Back to the drawing board: a vision of new possibilities for the stylus

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Microsoft Principal Researcher Ken Hinckley handles the digital pen prototype created by his team as part of their research into new stylus and tablet interactions.

Buttoning your shirt, writing a quick note to a co-worker, using a fork and knife (or a set of chopsticks). Every day we perform tasks like these with the greatest of ease—automatically, even, to the point that they’re labeled as ordinary and menial.

But the biomechanics behind each task are anything but ordinary, involving the interplay between two hands, each containing 27 bones, more than 30 muscles, nearly 50 nerves and 30 or so arteries.

Fueled by their fascination with the human hand, and firm beliefs in the need for continued explorations of more natural input methods, Bill Buxton and Ken Hinckley assembled a team of researchers from Microsoft Research (MSR), Cornell University and the University of Manitoba. Their goal: tap into the hand’s dexterity and explore new frontiers in human-computer interaction.

The implements they focused on were the tablet and stylus, and the result of their labor is some groundbreaking research that has won a Best Paper Award at UIST 2014 (User Interface Software and Technology Symposium), which is occurring this week in Hawaii.

“There’s a reason Picasso used a paintbrush instead of finger painting all the time, just as there’s a reason a dentist uses precise drills, which are basically just specialized styluses, as opposed to a chisel,” says Buxton. “The fingers and hands have this absolute dexterity, both alone, such as when you pinch and zoom on a touch screen, but also through tools that you hold in your hand. So when we think about a stylus, it’s just another long, skinny tool that we can do amazing things with.”

As it turns out, very little has been done to dissect the fine motor skills of the hand—the way in which a person tucks a pen between their fingers when writing, erasing or resting, or the manner in which your dominant and non-dominant hands work together. It’s these “seen but unnoticed” details that Ken and Bill believe hold the key to creating a stylus worthy of the capabilities and potential of the hands in which it is held.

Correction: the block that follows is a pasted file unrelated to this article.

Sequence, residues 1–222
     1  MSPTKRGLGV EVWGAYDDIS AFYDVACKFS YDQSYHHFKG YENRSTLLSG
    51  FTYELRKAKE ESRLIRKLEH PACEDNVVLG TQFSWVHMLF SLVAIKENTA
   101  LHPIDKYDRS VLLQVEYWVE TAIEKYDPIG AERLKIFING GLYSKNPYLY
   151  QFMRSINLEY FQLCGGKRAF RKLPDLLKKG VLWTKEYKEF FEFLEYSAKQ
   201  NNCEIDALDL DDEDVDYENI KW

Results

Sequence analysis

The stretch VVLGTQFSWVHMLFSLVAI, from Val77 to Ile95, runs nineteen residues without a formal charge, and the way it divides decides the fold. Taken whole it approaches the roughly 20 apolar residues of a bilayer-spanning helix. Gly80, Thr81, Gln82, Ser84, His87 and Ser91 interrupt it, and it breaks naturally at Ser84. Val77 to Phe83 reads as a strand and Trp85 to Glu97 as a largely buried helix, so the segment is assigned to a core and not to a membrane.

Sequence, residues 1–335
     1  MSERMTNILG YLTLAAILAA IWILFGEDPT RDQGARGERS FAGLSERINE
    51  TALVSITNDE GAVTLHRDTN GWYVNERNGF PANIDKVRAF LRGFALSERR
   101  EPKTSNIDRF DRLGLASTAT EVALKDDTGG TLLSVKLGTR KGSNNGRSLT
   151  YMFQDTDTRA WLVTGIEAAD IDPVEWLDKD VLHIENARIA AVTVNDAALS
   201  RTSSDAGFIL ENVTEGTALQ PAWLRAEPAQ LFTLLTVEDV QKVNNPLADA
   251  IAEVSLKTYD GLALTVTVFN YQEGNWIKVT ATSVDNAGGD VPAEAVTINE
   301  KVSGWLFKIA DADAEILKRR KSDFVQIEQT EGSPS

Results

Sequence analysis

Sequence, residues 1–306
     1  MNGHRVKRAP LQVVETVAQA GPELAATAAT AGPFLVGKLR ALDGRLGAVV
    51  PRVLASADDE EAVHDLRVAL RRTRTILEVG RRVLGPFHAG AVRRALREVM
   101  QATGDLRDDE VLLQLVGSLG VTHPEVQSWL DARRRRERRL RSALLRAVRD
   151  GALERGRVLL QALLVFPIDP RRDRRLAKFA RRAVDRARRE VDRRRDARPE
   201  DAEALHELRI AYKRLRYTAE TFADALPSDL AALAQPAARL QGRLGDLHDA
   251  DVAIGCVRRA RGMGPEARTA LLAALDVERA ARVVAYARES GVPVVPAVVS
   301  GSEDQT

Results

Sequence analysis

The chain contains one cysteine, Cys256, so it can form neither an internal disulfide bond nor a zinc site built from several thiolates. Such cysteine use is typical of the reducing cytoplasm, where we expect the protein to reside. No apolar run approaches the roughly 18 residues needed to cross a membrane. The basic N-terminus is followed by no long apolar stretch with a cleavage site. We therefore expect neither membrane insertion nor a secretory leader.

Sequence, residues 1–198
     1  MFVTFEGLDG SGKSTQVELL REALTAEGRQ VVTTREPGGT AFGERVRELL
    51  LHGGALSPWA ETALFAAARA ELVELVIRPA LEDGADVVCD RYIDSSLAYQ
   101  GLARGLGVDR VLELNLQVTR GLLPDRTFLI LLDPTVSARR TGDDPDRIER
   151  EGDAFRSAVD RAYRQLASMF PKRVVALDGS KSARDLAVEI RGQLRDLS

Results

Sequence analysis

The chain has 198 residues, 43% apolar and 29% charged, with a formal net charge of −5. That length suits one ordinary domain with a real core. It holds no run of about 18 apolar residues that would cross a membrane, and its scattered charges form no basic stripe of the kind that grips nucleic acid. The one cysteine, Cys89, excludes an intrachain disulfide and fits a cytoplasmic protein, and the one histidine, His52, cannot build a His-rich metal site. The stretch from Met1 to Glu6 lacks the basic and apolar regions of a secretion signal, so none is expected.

As part of their research, the team worked closely with the prototyping lab here at Microsoft to create a tablet and stylus, each of which contains inertial sensors to study these details. Working together, they can track for nine degrees of freedom—the position of each device, as well as their relative orientation.

In addition, the barrel of the stylus is encased in a multi-touch grip sensor that monitors the person’s grip and lets them start or end a task with the simple tap of their finger. The tablet features full grip sensing, which provides additional clues about the user’s intent.

With the hardware in place, Ken says it was just a matter of “stretching their minds” and coming up with one idea after another to explore.

Says Ken: “Our goal was to factor out the interface and provide as simple an experience as possible. So throughout the process we kept asking ourselves, ‘how do we use this understanding of device grip and orientation to add new possibilities, but without drowning the user in more complexity?’”

As you’ll see in the video, they’ve forged a new frontier of possibilities with a stylus, creating a tool that truly extends the interplay between both hands into the digital working environment. It will be exciting to see what new scenarios this research enables in the future.

Learn more about MSR’s presence at UIST by reading this Microsoft Research story.